The election itself exposes the unseemly side of 1870s Canadian democracy.  The priests opinions were still well known and there would be no separation of the Quebec clergy from politics.  Schull writes that, "brawls and broken heads were a feature of every meeting and at one of the loudest of them a Rouge supporter was kicked to death." (p.124)  One supporter was noted as being "seemingly equipped with seven-league boots, certainly with a thunderous voice, and possessed of a portable grandmother who had been born within a mile of every stump he spoke from."  In one municipality a Bleu secretary failed to post the electoral lists for registration, and thus nullified many Rouge voters.  Bribery was used in three large parishes, as Laurier himself described it "railway contractors of the provincial government came there on the night of Friday to Saturday and went on buying votes as in the good old times."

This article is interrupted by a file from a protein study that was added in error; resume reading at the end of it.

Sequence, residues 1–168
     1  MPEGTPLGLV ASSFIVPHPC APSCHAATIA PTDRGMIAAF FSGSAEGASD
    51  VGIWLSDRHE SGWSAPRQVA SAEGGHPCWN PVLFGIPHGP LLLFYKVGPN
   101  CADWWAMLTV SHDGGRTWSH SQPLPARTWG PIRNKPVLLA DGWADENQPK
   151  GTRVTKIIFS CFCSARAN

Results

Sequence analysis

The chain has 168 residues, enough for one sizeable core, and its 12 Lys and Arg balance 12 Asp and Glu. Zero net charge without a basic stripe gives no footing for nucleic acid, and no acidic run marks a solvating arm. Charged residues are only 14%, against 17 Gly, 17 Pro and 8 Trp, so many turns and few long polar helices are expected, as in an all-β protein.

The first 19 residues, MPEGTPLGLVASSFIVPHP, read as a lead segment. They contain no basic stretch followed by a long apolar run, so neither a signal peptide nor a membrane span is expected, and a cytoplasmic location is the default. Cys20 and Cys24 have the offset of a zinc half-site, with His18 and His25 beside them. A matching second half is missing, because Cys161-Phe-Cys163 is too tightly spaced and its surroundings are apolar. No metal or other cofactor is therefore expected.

Last of the Open Ballots, 1872.  Canadian Illustrated News. Elections Canada.

Laurier would lose the close battle for Arthabaska, but the new minister needed a seat.  In East Quebec, where he would earn his place in parliament, the authorities were called out to protect the peace.  Schull notes, "Early in the morning a battery of artillery and several squads of police were drawn up in Jacques Cartier Square.  Gangs of election 'whackers' moved restlessly about, but under the mouths of the guns and the eyes of the constabulary not a club was lifted.  Polls opened at nine with the strong-arm men of the parties standing by at the ready and again there were only glares." (Schull, p. 128)

Monday, March 12, 2012